We already know smoking while pregnant is big no-no as it can harm an unborn baby’s development.
Now, we’re able to see just what that harm looks like with new ultrasound images that show how babies of mothers who smoke react to the behavior.
Dr. Nadja Reissland of Durham University, who led the study, used 4-D ultrasound scan images to capture thousands of movements in the womb while monitoring 20 mothers. Four of these mothers smoked an average of 14 cigarettes a day.
Dr. Reissland studied the scans at 24, 28, 32, and 36 weeks and found the babies whose “mothers smoked continued to show significantly higher rates of mouth movement and self-touching than those carried by non-smokers,” according to Daily Mail.
This type of behavior is typically exhibited in babies who are younger and less developed, as babies closer to birth-time typically have much more control over these types of movement. These images indicate a stunt in the development of these children’s central nervous systems during gestation.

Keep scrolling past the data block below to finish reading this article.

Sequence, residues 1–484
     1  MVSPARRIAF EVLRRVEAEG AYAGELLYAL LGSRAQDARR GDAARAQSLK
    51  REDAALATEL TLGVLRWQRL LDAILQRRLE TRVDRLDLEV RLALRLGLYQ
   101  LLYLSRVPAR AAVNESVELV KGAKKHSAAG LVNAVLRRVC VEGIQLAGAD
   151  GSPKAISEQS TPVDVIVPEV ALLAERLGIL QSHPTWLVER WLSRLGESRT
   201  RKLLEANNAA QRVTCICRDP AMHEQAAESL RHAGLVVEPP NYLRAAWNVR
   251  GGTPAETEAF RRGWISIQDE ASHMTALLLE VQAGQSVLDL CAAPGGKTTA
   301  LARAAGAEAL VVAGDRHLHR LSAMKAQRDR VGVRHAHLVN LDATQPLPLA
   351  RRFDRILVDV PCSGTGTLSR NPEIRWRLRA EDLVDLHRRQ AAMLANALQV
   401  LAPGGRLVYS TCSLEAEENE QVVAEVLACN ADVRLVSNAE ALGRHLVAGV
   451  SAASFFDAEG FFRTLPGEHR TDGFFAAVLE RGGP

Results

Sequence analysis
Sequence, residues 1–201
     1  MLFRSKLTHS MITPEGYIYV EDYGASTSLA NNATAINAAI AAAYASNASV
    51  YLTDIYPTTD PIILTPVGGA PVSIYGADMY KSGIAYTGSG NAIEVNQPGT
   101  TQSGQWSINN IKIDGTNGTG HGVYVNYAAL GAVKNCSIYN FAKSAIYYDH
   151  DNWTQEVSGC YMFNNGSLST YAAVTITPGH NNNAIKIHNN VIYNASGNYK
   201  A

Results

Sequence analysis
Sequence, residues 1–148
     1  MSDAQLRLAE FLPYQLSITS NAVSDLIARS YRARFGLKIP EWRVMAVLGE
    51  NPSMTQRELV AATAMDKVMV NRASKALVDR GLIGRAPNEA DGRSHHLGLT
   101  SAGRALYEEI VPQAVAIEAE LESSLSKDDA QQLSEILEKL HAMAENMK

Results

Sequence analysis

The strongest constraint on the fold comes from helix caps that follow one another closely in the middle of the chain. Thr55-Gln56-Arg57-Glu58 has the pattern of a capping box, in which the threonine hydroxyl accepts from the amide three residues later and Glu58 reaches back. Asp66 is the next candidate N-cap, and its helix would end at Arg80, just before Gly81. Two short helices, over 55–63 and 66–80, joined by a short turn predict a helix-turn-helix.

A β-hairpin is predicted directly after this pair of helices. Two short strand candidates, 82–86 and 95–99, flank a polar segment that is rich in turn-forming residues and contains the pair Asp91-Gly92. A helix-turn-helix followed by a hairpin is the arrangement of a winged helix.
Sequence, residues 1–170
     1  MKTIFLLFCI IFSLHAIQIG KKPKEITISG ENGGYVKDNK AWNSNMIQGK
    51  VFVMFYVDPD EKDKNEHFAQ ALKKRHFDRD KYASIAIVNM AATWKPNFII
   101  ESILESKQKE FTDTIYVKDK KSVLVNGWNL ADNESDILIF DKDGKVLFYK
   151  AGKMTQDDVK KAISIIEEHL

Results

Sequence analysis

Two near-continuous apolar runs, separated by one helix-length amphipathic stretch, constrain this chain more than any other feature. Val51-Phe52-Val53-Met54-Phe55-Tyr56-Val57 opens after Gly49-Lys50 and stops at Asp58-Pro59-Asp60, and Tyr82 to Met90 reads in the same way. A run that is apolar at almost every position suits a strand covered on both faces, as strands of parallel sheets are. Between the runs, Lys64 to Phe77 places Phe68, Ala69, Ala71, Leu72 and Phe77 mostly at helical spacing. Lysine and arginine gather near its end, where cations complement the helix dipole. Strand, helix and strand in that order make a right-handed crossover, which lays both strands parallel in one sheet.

“Technology means we can now see what was previously hidden, revealing how smoking affects the development of the fetus in ways we did not realize” said co-author Professor Brian Francis, “This is yet further evidence of the negative effects of smoking in pregnancy.”
Researchers hope these images that provide a clear picture of some of the negative effects of smoking will encourage mothers to kick the habit before it’s too late.
The study was published in the journal Acta Paediatrica.